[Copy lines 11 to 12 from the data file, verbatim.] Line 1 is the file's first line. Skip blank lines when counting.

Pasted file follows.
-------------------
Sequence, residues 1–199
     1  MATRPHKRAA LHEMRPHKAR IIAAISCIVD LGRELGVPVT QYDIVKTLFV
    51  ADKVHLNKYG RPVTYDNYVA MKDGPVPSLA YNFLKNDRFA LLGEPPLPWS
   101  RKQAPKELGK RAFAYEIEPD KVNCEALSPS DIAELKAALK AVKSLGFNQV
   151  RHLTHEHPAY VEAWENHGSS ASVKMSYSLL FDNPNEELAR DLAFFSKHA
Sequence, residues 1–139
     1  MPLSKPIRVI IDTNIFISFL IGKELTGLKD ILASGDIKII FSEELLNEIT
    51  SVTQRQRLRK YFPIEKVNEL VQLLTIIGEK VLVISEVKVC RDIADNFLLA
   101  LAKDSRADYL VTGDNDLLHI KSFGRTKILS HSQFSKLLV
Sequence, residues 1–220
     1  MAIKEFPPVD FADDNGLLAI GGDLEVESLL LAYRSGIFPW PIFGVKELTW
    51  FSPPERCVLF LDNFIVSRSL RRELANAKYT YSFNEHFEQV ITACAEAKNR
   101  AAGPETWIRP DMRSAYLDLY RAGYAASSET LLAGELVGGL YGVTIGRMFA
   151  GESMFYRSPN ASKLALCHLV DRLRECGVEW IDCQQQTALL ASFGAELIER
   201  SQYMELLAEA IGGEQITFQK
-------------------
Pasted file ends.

     1  MAIKEFPPVD FADDNGLLAI GGDLEVESLL LAYRSGIFPW PIFGVKELTW
    51  FSPPERCVLF LDNFIVSRSL RRELANAKYT YSFNEHFEQV ITACAEAKNR